Backseat to this week’s action were Sarah and Alison, who already had their turn at grifting and answer-seeking in previous episodes. I continue to love the decision to rotate different clones forward into the active push of the narrative, especially to an effect as excellent as Cosima's in this episode, so Sarah and Alison did just fine in the background for me. Besides, we got an extension of their barbed bickering from last week, as Sarah lambasts Alison’s drug dealing and slight neglect of Helena, and Alison serves it right back for Sarah’s... drug dealing... and slight neglect of Helena. Sisters! Foils! Identicals! Aren’t they great.

Of course, Helena’s absence is a bit worrying, as is the possibility that Alison’s connection to Pouchy’s pills could be revealed in a shit-hitting-the-fan kind of manner. Duko clearly Knows Something, because he is a creepy-ass bastard, and his toying with Art was an excellent tension-filled scene to rebut Art’s similar mindgame from last week. The stakes are high for Art now, which brings more intrigue back to Duko, the police office, and Beth’s flashback storyline that is still dangling in the present.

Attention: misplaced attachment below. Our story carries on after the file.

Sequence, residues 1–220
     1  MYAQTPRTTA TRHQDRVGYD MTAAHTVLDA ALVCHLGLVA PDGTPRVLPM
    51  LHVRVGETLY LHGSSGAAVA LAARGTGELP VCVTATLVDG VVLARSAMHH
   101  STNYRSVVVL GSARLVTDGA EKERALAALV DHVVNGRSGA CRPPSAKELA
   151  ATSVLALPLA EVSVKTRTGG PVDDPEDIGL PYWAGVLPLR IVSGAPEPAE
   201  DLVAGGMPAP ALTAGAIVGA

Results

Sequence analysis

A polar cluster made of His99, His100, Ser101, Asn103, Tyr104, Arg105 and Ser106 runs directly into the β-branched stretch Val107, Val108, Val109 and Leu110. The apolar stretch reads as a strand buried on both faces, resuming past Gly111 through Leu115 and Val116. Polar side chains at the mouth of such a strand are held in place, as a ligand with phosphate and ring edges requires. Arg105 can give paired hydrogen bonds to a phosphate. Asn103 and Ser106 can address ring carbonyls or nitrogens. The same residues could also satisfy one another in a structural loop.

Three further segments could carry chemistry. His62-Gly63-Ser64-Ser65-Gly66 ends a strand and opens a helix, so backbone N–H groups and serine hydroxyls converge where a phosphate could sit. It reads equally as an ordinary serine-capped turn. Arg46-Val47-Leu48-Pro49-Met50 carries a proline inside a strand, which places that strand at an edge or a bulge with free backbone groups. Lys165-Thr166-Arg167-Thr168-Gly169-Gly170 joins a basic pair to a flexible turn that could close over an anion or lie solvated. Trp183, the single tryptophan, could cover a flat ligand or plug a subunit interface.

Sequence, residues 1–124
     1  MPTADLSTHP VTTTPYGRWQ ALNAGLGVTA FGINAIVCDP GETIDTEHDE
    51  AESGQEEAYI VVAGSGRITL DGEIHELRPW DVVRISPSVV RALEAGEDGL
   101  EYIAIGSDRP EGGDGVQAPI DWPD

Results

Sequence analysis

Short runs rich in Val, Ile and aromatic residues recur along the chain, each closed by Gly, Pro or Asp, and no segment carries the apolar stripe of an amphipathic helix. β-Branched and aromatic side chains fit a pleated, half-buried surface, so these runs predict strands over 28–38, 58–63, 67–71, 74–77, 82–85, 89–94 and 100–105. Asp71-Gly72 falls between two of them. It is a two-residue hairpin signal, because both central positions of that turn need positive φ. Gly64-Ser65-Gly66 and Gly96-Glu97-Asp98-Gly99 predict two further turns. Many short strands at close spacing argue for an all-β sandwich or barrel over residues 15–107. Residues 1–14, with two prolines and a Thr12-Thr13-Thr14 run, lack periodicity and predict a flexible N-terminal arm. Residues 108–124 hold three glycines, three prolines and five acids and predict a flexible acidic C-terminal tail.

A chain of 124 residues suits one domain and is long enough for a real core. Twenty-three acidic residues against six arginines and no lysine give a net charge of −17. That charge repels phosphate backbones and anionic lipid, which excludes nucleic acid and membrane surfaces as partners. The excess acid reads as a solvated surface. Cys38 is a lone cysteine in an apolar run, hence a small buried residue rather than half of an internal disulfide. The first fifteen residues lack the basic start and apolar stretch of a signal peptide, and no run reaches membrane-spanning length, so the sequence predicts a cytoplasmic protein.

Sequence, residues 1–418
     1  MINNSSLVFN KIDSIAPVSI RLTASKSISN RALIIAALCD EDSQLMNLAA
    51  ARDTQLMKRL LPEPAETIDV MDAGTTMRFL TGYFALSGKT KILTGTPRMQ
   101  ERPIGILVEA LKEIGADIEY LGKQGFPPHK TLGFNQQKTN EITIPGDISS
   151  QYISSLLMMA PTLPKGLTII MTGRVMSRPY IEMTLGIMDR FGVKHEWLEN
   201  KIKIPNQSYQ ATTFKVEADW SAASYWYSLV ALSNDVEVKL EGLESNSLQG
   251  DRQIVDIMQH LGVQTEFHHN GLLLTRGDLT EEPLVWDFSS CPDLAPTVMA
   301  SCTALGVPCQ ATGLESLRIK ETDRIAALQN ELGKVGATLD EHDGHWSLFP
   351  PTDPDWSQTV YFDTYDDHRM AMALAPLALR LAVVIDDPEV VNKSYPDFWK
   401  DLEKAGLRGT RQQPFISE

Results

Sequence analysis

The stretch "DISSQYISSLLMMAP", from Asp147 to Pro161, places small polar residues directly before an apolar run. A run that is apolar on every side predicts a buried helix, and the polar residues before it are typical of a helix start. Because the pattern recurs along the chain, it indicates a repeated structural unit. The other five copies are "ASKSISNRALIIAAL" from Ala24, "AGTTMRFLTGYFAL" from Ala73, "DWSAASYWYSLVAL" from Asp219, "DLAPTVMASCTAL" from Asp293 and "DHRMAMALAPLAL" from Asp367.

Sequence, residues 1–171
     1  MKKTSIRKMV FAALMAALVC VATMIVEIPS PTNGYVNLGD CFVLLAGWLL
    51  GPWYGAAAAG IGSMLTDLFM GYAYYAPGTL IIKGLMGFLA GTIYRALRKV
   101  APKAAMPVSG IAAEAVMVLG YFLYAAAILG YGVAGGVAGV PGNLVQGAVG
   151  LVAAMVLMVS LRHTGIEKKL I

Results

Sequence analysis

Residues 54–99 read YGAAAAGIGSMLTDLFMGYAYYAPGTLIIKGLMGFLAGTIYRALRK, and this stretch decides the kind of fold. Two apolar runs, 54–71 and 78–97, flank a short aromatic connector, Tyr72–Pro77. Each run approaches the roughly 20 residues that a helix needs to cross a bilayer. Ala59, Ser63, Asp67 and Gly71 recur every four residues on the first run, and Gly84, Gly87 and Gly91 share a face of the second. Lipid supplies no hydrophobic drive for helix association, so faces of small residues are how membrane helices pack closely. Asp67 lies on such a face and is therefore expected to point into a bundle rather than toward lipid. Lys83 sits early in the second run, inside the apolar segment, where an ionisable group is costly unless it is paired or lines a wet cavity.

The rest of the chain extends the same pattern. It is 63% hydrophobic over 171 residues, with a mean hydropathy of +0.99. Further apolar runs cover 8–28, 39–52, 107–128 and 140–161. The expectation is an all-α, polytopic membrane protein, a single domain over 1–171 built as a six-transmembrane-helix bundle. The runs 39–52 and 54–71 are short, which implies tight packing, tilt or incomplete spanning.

Sarah, meanwhile, literally took the day off and hung out with Kira - but she’s got another kind of family drama brewing when Felix brings his biological sister to the safehouse for dinner. (Awkward family dinner? Yes, but still not as awkward as Rachel’s with Ira and Susan. AND WE DIDN’T EVEN KNOW THE HALF OF IT.) Adele’s incorporation into the plotline finally feels purposeful, and it took two little moments to make it so: the small-scale meltdown behind Sarah’s eyes when she confirmed Adele and Felix’s biological connection, and Siobhán’s terse “Welcome to the family” after Sarah leaves the room. These two little reactions reiterate the hope and fear being set up throughout the episode: Adele is great with Kira, and seems to truly care about Felix... but the service she and Felix used to connect is owned by BrightBorn, and now she knows the location of the safehouse.  Like it or not, she’s an extension of the Clone Club family - by blood, this time, and it’s not Sarah’s.